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ноября 2000 года.
Hope not dim for Khristich // "Toronto Sun"
By LANCE HORNBY -- Toronto Sun
Khristich, the embattled Maple Leafs forward, yesterday got a huge vote of confidence from the club's general manager/coach, the same man who stuck his neck out on a $10.29- million US contract for Khristich a year ago. Khristich is hearing the same barbs he heard with the Boston Bruins, before that club took the unprecedented step of walking away from an arbitrator's $2.8-million salary decision and made him a free agent.
"I wish you (media) guys would stop picking on him," Quinn said yesterday at Lakeshore Lions Arena before a flight to Manhattan for tonight's game against the New York Rangers. "Like a lot of us, it's not happening for him. I think he can be a good player for us. I don't see him as having lost it."
The boss insisted through the summer that the hip/groin pull Khristich suffered midway through 1999-2000 had factored into his 30-point season and one-goal playoff far more than people thought. Khristich also lost several teeth when a puck struck him in the mouth.
But the same lethargy has emerged in the 31-year-old Khristich in 2000-01. Five points in 20 games translated to trade rumours this month and an anonymous remark in the dressing room that Khristich was becoming "a distraction."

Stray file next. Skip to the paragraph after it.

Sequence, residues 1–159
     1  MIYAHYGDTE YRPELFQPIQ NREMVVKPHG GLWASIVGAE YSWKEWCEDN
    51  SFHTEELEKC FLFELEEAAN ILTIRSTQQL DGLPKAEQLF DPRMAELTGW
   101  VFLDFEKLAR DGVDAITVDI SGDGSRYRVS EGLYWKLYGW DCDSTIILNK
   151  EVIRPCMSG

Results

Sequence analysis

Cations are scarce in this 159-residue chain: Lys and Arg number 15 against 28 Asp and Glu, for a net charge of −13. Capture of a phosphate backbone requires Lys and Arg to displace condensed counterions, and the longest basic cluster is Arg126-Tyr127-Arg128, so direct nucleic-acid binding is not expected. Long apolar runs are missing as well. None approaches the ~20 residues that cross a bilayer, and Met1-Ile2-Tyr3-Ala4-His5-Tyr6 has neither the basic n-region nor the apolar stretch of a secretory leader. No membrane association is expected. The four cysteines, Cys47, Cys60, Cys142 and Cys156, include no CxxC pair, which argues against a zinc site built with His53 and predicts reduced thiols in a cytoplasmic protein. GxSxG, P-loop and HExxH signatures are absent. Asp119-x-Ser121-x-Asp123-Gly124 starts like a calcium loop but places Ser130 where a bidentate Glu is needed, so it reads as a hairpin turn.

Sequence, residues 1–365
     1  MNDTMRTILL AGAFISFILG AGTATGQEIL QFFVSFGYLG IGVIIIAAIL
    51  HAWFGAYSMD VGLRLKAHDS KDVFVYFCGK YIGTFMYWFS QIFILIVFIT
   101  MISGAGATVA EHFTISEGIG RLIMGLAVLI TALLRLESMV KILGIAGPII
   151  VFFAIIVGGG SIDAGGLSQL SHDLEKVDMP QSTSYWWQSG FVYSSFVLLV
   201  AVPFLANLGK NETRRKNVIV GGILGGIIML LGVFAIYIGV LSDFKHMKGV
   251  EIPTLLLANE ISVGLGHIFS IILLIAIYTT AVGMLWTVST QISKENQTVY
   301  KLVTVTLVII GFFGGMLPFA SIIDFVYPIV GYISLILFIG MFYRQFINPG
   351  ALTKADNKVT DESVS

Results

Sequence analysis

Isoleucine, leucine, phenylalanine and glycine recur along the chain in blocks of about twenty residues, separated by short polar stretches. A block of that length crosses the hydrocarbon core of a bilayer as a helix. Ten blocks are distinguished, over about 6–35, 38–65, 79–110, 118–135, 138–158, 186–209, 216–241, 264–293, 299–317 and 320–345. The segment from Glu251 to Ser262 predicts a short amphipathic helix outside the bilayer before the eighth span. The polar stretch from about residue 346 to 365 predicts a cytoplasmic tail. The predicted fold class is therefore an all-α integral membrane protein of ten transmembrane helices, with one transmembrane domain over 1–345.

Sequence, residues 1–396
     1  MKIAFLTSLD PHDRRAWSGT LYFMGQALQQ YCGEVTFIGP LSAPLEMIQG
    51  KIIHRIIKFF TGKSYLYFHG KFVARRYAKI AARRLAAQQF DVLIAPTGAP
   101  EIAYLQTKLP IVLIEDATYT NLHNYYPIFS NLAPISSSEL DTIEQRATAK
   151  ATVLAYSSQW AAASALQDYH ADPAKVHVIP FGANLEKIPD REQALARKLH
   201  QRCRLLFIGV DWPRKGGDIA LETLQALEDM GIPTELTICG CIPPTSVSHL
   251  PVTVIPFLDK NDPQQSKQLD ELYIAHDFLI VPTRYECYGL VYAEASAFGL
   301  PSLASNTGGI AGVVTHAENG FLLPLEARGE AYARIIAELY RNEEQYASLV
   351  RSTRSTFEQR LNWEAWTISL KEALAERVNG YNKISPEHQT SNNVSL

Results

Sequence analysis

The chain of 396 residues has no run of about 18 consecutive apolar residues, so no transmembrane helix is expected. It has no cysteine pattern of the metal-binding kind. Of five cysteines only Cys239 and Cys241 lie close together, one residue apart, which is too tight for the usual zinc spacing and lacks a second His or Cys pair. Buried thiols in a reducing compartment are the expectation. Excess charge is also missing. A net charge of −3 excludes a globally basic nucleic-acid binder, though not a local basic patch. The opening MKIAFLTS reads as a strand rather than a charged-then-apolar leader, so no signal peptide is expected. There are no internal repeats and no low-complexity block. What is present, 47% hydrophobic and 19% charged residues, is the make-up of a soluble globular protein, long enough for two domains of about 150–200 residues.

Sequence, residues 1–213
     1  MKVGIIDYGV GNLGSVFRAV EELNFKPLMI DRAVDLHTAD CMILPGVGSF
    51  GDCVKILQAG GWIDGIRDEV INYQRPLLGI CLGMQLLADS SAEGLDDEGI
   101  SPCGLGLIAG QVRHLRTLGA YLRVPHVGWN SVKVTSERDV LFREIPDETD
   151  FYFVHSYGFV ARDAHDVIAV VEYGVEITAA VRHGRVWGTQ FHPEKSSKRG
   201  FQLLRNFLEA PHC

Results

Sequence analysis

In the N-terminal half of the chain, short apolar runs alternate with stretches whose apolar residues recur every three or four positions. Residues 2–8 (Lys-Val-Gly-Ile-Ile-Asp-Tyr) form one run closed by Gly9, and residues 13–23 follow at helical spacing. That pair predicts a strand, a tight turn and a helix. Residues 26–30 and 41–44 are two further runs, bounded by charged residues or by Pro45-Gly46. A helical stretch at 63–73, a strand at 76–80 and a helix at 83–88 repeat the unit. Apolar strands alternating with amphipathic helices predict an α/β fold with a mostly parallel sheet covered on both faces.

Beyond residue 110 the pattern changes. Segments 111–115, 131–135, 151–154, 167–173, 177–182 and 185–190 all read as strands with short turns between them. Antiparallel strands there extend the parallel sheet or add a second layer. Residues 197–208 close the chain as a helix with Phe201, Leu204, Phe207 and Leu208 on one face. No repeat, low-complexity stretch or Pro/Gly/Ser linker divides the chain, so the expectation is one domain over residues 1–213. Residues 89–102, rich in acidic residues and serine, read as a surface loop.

Key Bruins shared that feeling, but now Khristich's salary is a millstone around his neck, drawing more attention to his plight.
"I guess that's the way of our game today," Quinn said, "but those who criticize usually have done squat in their real lives."
Quinn, whose team has won just one of its past five games (1-2-2), then shifted gears to defend his team's overall offensive output. Until pumping six goals past the woeful Montreal Canadiens on Saturday, they were running a few goals below their pace of 1999-2000.
"We have other objectives rather than scoring," Quinn said. "(Individual) points can be the worst measuring stick. Sure our scoring is down, but so is our goals-against average."
Khristich, who has been bounced around a few lines since he arrived last year, was working between Tie Domi and Garry Valk yesterday. He owns up to his poor numbers, but insists his injury still isn't 100% healed.
"I don't have the jump I should," Khristich said. "I always think I might pull it again."
He understands the salary issue has made life harder on him, but added that money was not an issue when he made far less and scored 60-plus points with the Washington Capitals, Los Angeles Kings and Boston.
Khristich said he has tried many different ways to pull out of his slump -- changing sticks, equipment, even his helmet.
"I would like to have power-play time, penalty-killing time, but if
it's not clicking my way I'm just going to concentrate on helping any way
I can," he said.